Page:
The first time I visited the Gardner back in 2009, I didn’t know about the theft. Seeing the beautiful courtyard for the first time, the terraces, mosaics, balconies it was easy to appreciate the idiosyncrasies of ISG’s opulent vision and to marvel at the bizarre juxtaposition of her wildly varied collection.
On this, my second visit, having read most of the literature I can find about the theft, I still see the beauty but it’s overshadowed by the notoriety and ultimately that makes me feel sad. You see, I can’t go to the Met or even the Rijsmuseum and see a bunch of Rembrandt’s other seascapes because well, there aren’t any. He only painted one – The Storm On The Sea of Galilee was it. It was unique and now, it’s gone.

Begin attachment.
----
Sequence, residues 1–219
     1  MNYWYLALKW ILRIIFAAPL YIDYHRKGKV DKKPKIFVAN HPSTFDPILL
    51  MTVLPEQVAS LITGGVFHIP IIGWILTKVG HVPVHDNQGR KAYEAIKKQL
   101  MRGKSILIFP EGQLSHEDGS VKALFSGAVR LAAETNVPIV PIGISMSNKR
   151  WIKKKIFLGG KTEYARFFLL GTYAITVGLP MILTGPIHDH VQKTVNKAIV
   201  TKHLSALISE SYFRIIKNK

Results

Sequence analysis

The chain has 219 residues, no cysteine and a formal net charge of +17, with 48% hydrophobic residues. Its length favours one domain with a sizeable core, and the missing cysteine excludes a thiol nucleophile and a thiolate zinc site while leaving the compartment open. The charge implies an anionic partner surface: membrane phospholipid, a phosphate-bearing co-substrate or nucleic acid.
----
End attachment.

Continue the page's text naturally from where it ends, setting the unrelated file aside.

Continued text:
By way of sticking to the letter of Gardner’s will that none of the works in the museum be moved after her death, the empty frames remain on the walls.
Since that first visit back in 2009, The Gardner has evolved and blossomed. The new wing reorientates the museum with the new entrance on the side and revitalizes by adding more galleries, a concert hall, a restaurant, a larger shop and an interesting ‘living room’ space designed to bring people into the museum and give them a place to relax. I also noticed how the staff make an real effort to welcome and greet visitors and I was left with the impression of a place that is both thoroughly well-loved and cherished.